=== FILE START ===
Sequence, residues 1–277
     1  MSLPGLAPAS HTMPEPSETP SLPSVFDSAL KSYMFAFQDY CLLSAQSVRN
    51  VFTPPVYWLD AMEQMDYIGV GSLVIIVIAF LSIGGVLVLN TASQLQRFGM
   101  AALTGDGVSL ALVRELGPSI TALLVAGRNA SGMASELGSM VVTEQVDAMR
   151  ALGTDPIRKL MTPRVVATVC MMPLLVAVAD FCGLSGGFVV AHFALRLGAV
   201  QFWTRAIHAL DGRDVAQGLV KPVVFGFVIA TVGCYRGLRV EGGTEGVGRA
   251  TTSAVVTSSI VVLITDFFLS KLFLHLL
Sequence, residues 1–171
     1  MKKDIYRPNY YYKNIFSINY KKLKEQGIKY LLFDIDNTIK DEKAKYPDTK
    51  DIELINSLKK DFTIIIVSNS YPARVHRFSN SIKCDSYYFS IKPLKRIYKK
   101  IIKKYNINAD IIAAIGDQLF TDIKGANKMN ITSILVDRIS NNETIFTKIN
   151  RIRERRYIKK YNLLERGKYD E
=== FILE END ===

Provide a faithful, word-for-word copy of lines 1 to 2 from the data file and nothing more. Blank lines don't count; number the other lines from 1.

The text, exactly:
Sequence, residues 1–277
     1  MSLPGLAPAS HTMPEPSETP SLPSVFDSAL KSYMFAFQDY CLLSAQSVRN